There’s no debate that childhood obesity is a tremendous concern. I went to medical school in the early 1990s, and even just 20-odd years ago, what we know now as “Type 2 Diabetes” was still called “Adult Onset Diabetes.” Not anymore. Nowadays kids with single-digit ages are coming down with what was once a disease of adulthood, and kids younger than 20 are being found to have the once-only-middle-age conditions of hardening of the arteries and fatty liver disease.
And of course it’s not just medical problems these kids face. Studies on bullying behavior demonstrate kids with obesity are 2 to 3 times more likely to be bullied than their skinnier peers (Kukaswadia, 2011). Add that to the incredibly pervasive societal stigma against those with obesity, and it’s hard to imagine that obesity isn’t having a terrible impact on these kids’ self esteem.
So if childhood obesity is so problematic, why wouldn’t I suggest we treat it?
It’s not the primary problem.
I’ll repeat that. Childhood obesity is not the primary problem — or, to put it slightly differently, kids are not the problem. There’s not an epidemic loss of willpower among 5 year olds, yet already by first grade, 1 in 3 children in America will be overweight or obese. The kids these days are no different than when we were kids. What’s different is the world our kids are growing up in. Today’s world is a Willy Wonkian dietary dystopia. It’s an environment filled with nutritional misinformation, predatory advertising, misguided crop subsidies and aisles and aisles of ultra-processed boxes masquerading as food. It’s a world where kids can’t step on a blade of grass without being rewarded with a treat, where school fundraisers occur in Chick-Fil-A, and where Olympic gold medalists like Shawn Johnson, Chris Bosh, Apolo Ohno and Elana Meyers are busy helping to peddle chocolate milk to children as a “recovery” drink. (I’ve got to ask. What could these kids possibly be doing where for “recovery” they need a beverage can contain 20% more calories and double the sugar of a full-sized Snickers bar?) Our world is the disease, and childhood obesity is just the symptom, and as a physician I know that while it’s nice to treat symptoms, it’s always more important to cure diseases.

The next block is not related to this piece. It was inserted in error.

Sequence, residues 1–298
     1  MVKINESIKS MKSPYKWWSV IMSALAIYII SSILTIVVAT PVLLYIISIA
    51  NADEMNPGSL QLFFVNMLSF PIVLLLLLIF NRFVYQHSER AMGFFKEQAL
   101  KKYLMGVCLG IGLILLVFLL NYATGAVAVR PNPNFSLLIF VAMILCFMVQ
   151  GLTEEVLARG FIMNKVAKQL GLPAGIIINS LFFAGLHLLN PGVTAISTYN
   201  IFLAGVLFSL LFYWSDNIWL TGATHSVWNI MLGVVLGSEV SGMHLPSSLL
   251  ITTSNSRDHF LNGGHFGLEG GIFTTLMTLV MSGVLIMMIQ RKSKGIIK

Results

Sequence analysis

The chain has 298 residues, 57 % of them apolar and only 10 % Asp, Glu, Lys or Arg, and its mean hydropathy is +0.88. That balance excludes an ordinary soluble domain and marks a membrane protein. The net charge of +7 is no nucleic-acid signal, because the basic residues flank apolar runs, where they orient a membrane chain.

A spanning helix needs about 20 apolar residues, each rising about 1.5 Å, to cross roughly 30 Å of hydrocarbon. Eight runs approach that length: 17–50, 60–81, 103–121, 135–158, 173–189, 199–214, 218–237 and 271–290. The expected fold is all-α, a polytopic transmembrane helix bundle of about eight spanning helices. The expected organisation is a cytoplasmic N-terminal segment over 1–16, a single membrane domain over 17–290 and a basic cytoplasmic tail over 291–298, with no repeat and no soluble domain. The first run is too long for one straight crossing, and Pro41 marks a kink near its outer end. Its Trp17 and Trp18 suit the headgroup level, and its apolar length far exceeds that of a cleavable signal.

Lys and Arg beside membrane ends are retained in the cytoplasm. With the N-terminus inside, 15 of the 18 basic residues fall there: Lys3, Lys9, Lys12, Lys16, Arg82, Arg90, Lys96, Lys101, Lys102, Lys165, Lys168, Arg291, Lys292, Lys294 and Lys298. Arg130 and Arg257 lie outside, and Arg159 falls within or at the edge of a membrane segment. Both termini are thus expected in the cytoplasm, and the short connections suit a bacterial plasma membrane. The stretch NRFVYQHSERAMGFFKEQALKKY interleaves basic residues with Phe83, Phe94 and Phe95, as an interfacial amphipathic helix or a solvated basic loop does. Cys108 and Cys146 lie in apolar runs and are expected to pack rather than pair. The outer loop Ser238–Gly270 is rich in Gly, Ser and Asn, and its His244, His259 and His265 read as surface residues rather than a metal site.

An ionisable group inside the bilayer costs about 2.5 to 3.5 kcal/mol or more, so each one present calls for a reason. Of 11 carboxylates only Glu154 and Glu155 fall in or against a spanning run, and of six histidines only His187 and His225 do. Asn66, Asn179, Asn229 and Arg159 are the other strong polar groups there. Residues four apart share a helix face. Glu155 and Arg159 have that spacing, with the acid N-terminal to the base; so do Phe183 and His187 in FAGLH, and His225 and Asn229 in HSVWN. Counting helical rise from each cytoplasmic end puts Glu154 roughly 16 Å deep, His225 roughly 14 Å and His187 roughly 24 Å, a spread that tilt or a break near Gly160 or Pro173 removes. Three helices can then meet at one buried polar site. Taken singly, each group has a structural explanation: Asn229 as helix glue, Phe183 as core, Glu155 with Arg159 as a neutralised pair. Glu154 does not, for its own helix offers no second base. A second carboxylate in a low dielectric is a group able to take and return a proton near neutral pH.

But I guess, given that we’re not about to cure the world, it’s fair to ask, “Shouldn’t we treat the symptom?” Again, I draw on my training to answer. I was also taught that we shouldn’t offer treatments without evidence to back up both the treatment’s efficacy and its safety.